The second distinction between coins and these other fields is the number of buyers. As the more insightful comments on the PCGS Coin Forum link I included state, Faberge Eggs and Picasso's paintings have a universal appeal which coins lack - all of them. I do not care for Picasso's art work but those whose opinions matter do. One reason not directly mentioned in the links I included is that scores of thousands of university students are exposed to his works through "art appreciation" classes. There is no equivalent advantage for any coin.
A third distinction is that each of these objects are unique. Sure, a particular coin may be "rare" but most of the time, this "rarity" is "conditional rarity" or one in the narrow specializations I described under item #6 above in my comments here. In other instances, even actual rarity is almost always only date rare. Let's say for the sake of discussion that an MS 1931 Union florin, tickey or half crown shows up tomorrow. To a Union collector, that will be a big deal. But what about even to a ZAR collector who does not collect Union or not primarily so? What about to a US coin collector who does not collect SA coins at all? The answer is from "not much" to "not at all". I consider this undeniably true and do not believe anyone can make a compelling case to refute it. The same applies to the significance of a US coin to a South African collector.
OK, so now given this obvious fact, what is the likely response of a non-collector? A typical reply is likely to be, "There are other Union florin dated 192X or 193X that look just like it. And there are many of them, so what is the big deal?"
This is not true for the two examples you gave. Pretty much anyone with any education in the western world or at least recurring exposure to western culture knows about Picasso and his paintings. Faberge is not as well known but these objects (Imperial Easter Eggs) are universally considered artistically superior and impressive, many are made of gold with precious stones and to those who know them, have a "mystique" from the Russian Romanov Imperial family and Russian Revolution which is not matched by many other objects. There is clearly a qualitative difference between these two and any coin, regardless of the fact that a few coins (absurdly) sell for more than a few Faberges.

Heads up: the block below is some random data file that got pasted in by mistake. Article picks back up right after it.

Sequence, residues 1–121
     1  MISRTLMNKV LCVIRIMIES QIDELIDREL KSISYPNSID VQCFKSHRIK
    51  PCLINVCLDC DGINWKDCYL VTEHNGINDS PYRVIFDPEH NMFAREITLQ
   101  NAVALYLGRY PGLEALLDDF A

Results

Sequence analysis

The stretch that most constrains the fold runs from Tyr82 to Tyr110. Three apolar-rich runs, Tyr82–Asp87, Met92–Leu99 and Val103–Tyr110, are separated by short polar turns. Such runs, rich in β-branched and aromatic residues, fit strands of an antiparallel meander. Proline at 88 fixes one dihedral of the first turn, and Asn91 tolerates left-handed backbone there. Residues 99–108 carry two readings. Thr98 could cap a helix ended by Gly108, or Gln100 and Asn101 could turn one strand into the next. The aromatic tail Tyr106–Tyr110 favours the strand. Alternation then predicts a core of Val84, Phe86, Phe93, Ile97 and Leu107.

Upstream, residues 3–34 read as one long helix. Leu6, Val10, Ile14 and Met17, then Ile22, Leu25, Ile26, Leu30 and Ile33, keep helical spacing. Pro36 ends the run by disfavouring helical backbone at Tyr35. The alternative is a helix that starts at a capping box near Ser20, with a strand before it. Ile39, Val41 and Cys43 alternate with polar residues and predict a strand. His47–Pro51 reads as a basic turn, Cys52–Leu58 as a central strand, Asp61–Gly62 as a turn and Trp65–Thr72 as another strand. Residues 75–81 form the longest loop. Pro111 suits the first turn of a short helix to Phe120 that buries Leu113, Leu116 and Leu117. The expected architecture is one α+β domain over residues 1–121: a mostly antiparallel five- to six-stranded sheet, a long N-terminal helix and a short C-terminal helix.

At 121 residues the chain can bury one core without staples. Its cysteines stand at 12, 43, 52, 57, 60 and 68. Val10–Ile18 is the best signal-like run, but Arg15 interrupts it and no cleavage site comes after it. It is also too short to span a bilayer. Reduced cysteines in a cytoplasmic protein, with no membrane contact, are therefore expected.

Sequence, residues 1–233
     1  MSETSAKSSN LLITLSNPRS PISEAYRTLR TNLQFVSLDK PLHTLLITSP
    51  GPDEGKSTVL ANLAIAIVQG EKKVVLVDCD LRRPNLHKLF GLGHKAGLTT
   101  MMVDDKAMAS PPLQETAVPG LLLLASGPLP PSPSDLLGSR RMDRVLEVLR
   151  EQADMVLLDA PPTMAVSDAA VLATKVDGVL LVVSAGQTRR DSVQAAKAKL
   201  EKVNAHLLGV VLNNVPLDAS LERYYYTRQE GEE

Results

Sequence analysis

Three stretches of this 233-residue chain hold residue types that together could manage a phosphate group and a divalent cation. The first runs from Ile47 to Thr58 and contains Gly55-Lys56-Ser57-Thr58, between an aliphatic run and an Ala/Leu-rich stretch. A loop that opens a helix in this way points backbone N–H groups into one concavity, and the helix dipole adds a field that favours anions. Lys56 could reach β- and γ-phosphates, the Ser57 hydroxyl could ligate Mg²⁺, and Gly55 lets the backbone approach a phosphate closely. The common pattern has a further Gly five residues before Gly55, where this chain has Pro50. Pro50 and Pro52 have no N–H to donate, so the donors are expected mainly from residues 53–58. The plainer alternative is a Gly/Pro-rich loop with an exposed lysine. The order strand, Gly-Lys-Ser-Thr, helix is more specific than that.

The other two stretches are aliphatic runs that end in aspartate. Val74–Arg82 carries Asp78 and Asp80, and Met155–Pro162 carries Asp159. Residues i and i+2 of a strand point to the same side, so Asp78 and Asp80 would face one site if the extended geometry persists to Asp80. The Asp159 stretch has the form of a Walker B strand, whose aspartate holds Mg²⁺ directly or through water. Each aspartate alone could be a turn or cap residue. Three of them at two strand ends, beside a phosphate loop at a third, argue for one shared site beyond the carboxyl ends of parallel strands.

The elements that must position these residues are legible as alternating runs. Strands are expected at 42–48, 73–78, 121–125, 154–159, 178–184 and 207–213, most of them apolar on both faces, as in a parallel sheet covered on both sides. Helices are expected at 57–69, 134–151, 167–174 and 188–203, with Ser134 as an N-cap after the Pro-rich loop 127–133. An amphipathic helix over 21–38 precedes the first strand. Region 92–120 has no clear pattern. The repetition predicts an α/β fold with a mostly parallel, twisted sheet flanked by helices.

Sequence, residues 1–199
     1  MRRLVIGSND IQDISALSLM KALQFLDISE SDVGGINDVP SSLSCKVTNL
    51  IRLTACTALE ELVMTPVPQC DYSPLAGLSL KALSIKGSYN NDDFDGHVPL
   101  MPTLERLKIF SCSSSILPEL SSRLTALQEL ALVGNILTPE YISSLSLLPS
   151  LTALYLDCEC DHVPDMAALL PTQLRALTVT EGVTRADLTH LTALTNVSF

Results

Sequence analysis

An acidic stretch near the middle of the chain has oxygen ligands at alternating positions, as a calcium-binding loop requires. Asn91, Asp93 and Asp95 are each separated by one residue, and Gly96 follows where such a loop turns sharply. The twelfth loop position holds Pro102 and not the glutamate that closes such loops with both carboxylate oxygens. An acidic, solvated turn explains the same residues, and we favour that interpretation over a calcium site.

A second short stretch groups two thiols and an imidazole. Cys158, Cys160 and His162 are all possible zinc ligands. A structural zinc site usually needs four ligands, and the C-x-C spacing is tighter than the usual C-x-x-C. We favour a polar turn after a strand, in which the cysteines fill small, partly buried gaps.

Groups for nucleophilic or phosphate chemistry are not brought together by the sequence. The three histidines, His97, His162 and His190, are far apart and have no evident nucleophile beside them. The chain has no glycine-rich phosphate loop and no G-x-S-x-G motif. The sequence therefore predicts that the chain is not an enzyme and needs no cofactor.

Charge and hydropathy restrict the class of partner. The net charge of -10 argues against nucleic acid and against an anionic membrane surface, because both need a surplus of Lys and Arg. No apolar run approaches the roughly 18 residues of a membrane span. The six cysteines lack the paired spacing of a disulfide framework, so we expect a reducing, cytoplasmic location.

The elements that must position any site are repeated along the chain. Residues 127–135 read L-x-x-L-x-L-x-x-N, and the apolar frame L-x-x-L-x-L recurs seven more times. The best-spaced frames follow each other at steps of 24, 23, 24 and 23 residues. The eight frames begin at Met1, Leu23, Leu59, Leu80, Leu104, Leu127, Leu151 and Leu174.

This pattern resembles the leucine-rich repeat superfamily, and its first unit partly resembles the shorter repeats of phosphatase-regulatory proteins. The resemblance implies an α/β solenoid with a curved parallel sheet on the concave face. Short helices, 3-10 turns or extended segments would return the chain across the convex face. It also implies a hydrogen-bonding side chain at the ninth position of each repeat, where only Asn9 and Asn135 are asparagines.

Within the field of numismatics, I believe that 17th to maybe 19th century European medals are those which logically have the most appeal to affluent non-collectors of coins. These are larger than most coins, many are artistically superior and compared to equivalent coins, dirt cheap. A gold medal from this period about the size of a US double Eagle (34mm) can be bought for a price of like $20,000 to $50,000 in AU or MS. I like coins more but for artistic appeal and value, I think these are much better.
Last edited by jwither; 06-05-13 at 21:35.
I am sorry for my late respond but I read all your posts - even if posted a week or three ago.
Originally Posted by jwither
Just a few random shotgun points I like to make
1) To complete a silver Union set is virtually impossible (e.g. - a graded 1944 Shilling in UNC is unknown). But it offers a wide range for both the specialist and the novice in terms of scarcity and costs.
2) The ZAR coinage is more popular because it is a "shorter" range to collect and there are relatively many British (and overseas) collectors because of the link to the Anglo Boer War. The same possibly apply to the German East African range of coinage from the early 1900s but NOT the Rhodesian series that spans (like the Union series) a long time period.
3) The RSA 1st and 2nd decimal series are "too easy" to collect - buy all the mint set "packs" for a few rands and all you have to do then is look out for the scarce 1965 VIP coins - not much challenge in terms of "completing" the series.
4) The RSA 3rd decimal series is probably collected for children’s birthdays and the like.
5) The Mandela type coins are mostly collected by speculators and not-die hard numismatists.
6) ... and then there are the "Grade" collectors that collect the "highest graded slabbed coins" they can afford - being it a 1897 ZAR shilling in MS65 or a Mandela R5 in PF70 - these are the guys with the big pockets and where the money currently lies - if one agrees with it or not
I agree with you that completing a Union set is a practical impossibility. But the impact this has on the decision to collect the series is not so much how I see it, but how the majority of collectors in your country do so and the same applies to non-collectors who are the potential collectors of tomorrow. (This does not apply to "investors" since they mostly could not care less whether they are buying Union coins or something else.)
What exactly defines completion is matter of personal choice though i would still say that for most, it is driven by reference books such as Hern, the US "Red Book" or some other book which is widely acknowledge as "the source" for its particular field or specialty.. In this post you reference, I attempted to define what appears to be the definion of a set for Union and in all these posts, compared it to the United States.